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What's Up With Warts on Children?

Why children get warts, and what parents can do.

From the WebMD Archives

Children get a lot of warts. Maybe that’s why folklore attributes warts to touching frogs or toads. Forget that myth. Here are the facts on warts that every parent should know.

  • Between 10% to 20% of children have common skin warts.
  • Girls get more warts than boys.
  • Warts are most prevalent in children between the ages of 12 and 16.
  • Warts are contagious, but typically harmless.

"They're uncommon in infancy and as you go along in childhood they become more and more common," says Alfie Krol, MD, president of the Society for Pediatric Dermatology.

While medically harmless, warts bother some children more than others. Some children are embarrassed by warts. Others may be uncomfortable if the warts are on the soles of their feet. As a parent, it’s important to know what causes warts, how to help prevent them, and good treatments for warts.

Causes and Types of Warts on Children

Warts, caused by the human papillomavirus or HPV, are noncancerous skin growths. They form when the virus invades the skin, usually through a tiny cut or scratch. The virus causes rapid growth of cells on the outer layer of skin. Warts are usually skin-colored but can be dark. They can be rough or smooth.

Here are the types of skin warts, known medically as verrucae:

  • Common warts are found on the fingers, and the backs of the hands
  • Palmer warts are found on the palms, as the name suggests.
  • Plantar warts grow on the feet, typically the soles
  • Flat warts are typically smaller and smoother than other warts; they can grow in large numbers, even as much as 20 to 100 at a time. Flat warts on children are typically found on the face.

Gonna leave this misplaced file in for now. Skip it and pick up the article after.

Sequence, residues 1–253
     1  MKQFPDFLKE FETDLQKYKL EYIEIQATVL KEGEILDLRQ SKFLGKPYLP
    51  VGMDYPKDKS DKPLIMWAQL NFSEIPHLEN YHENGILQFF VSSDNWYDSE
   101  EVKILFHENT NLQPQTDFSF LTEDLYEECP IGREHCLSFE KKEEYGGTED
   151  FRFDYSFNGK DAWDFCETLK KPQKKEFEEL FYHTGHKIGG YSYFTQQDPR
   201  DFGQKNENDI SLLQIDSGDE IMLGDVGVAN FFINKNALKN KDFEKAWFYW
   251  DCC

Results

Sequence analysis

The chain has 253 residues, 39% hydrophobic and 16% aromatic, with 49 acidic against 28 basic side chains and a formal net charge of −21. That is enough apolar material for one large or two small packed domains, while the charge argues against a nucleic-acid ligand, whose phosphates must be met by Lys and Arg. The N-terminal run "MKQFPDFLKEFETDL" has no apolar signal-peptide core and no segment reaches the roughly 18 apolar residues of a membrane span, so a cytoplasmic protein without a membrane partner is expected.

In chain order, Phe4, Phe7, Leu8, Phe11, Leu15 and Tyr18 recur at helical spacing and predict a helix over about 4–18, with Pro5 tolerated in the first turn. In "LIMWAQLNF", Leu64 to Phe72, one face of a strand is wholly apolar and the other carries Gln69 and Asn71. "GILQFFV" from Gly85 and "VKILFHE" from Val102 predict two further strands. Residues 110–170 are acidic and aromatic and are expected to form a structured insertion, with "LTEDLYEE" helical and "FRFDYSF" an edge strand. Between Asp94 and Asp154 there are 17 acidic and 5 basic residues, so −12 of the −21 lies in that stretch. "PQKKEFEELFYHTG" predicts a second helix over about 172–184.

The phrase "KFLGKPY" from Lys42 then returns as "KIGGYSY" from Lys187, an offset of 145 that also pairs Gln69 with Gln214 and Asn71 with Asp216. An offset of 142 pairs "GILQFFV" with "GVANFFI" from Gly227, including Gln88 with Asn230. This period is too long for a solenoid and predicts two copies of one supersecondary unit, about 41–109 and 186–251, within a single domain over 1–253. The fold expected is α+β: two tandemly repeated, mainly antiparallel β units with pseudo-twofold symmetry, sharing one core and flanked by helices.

• Filiform warts look like the kind that cartoon witches get on their chins or noses and stick straight out. They are often found on the face.

Genital warts don't typically affect younger children because they are usually sexually transmitted.

Reducing the Risk of Contagious Warts in Children

The viruses that cause common skin warts are passed from child to child. Once the virus infects the skin, it typically takes several months for the wart to become visible.

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Some children are more susceptible to warts than others. Children with a compromised immune system -- such as children who have had an organ transplant -- are more likely to get warts. Kids who bite their nails or pick at hangnails – creating tiny cuts in the skin -- are also more likely to get warts.

But even children with healthy immune systems and good nail habits may be more susceptible to getting warts, just as some people are more likely than others to catch colds often.

Children pick up the virus in many ways: By sharing towels and toys or playing with friends. However, there are ways to reduce the odds of your child developing warts. Here are Krol’s top tips:

  • Encourage your child to wear flip-flops around a public swimming pool and in public showers.